Joe Henderson in Japan

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Joe Henderson in Japan
Joe Henderson in Japan.jpg
Live album by Joe Henderson
Released End of April/early May 1971[1]
Recorded August 4, 1971
Venue Junk Club, Tokyo
Genre Jazz
Length 45:02
Label Milestone
MSP 9047
Producer Orrin Keepnews
Joe Henderson chronology
In Pursuit of Blackness
(1971)In Pursuit of Blackness1971
Joe Henderson in Japan
Black Is the Color
(1972)Black Is the Color1972

Joe Henderson in Japan is a live album by American saxophonist Joe Henderson, released on Milestone Records in 1971. In the early 1970s jazz was not enjoying an explosion of popularity in the land of its birth. In Japan, the story was different. The country's jazz listeners came to the music full of appreciation that grows from deep knowledge, and they knew Joe Henderson. No young modern jazz player had created more excitement and interest in Japan. When he arrived for an engagement in Tokyo at a club with the piquant name Junk Club, anticipation was running high. Joining a local rhythm section, he rewarded his fans with some of the most inspired performances of his career. According to the jazz historian Bill Kirchner:


Professional ratings
Review scores
Source Rating
Allmusic 4.5/5 stars[2]
All About Jazz (very favorable)[3]
The Rolling Stone Jazz Record Guide 3/5 stars[4]

Allmusic awarded the album with 4.5 stars and its review by Scott Yanow states: "Performing at the Junk Club in Tokyo, Henderson is joined by an all-Japanese rhythm section (electric pianist Hideo Ichikawa, bassist Kunimitsu Inaba, and drummer Motohiko Hino) on lengthy versions of "'Round Midnight," "Blue Bossa," and his two originals "Out 'n' In" and "Junk Blues." Henderson sounds quite inspired throughout the set, and the obscure rhythm section (only Hino is known in the U.S.) really pushes him. An underrated gem."[2]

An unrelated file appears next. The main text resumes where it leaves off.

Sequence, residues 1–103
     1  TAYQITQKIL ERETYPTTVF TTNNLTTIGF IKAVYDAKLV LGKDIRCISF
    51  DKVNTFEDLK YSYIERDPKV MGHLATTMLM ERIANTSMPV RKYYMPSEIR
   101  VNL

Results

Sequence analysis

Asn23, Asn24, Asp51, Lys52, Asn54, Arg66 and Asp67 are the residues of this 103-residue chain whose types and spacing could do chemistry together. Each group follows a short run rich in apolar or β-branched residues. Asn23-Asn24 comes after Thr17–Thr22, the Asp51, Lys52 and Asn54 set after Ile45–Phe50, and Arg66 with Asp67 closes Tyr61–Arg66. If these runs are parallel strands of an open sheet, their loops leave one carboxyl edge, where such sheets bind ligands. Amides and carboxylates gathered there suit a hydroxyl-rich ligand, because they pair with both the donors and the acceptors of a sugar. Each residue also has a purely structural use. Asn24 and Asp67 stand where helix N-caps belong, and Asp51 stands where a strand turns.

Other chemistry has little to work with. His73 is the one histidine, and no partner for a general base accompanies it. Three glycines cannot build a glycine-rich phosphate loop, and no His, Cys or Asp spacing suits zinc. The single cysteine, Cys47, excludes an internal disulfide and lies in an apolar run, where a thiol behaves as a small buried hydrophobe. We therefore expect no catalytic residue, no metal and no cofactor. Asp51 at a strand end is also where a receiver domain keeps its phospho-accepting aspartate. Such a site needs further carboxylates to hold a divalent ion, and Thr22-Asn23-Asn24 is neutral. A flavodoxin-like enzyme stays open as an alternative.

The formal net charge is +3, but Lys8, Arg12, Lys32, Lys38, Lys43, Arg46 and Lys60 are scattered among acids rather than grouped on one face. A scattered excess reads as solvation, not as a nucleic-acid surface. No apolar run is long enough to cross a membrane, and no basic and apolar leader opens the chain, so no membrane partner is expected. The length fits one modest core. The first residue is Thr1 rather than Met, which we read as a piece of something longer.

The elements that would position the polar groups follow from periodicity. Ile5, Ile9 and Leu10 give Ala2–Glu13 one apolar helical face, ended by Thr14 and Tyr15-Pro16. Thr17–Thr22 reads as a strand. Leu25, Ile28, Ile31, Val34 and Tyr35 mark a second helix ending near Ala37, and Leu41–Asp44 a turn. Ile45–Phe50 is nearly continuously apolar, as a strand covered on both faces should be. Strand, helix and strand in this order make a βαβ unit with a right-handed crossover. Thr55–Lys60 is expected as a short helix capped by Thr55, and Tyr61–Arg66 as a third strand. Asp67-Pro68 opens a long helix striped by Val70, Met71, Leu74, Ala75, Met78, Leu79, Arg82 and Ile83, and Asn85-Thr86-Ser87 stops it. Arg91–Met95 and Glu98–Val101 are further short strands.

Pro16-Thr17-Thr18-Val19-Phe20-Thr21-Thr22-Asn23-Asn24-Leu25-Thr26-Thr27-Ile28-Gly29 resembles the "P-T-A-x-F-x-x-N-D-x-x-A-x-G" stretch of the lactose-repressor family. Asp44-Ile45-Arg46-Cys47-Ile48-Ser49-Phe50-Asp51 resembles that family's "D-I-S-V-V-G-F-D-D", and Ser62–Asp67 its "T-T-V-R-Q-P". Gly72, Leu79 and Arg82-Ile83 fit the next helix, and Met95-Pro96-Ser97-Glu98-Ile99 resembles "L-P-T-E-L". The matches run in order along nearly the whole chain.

Track listing[edit]

  1. "'Round Midnight" (Thelonious Monk) – 12:38
  2. "Out 'N' In" (Joe Henderson) – 9:08
  3. "Blue Bossa" (Kenny Dorham) – 8:29
  4. "Junk Blues" (Joe Henderson) – 14:46


  • Joe Henderson – tenor saxophone
  • Hideo Ichikawa – electric piano
  • Kunimitsu Inaba – bass
  • Motohiko Hino – drums


  1. ^ Billboard May 12, 1971
  2. ^ a b Yanow, Scott. "Joe Henderson in Japan – Joe Henderson | AllMusic". Retrieved 17 July 2011. 
  3. ^ Taylor, Derek (1 June 2000). "Joe Henderson: Joe Henderson In Japan". Retrieved 27 August 2013. 
  4. ^ Swenson, J. (Editor) (1985). The Rolling Stone Jazz Record Guide. USA: Random House/Rolling Stone. p. 100. ISBN 0-394-72643-X.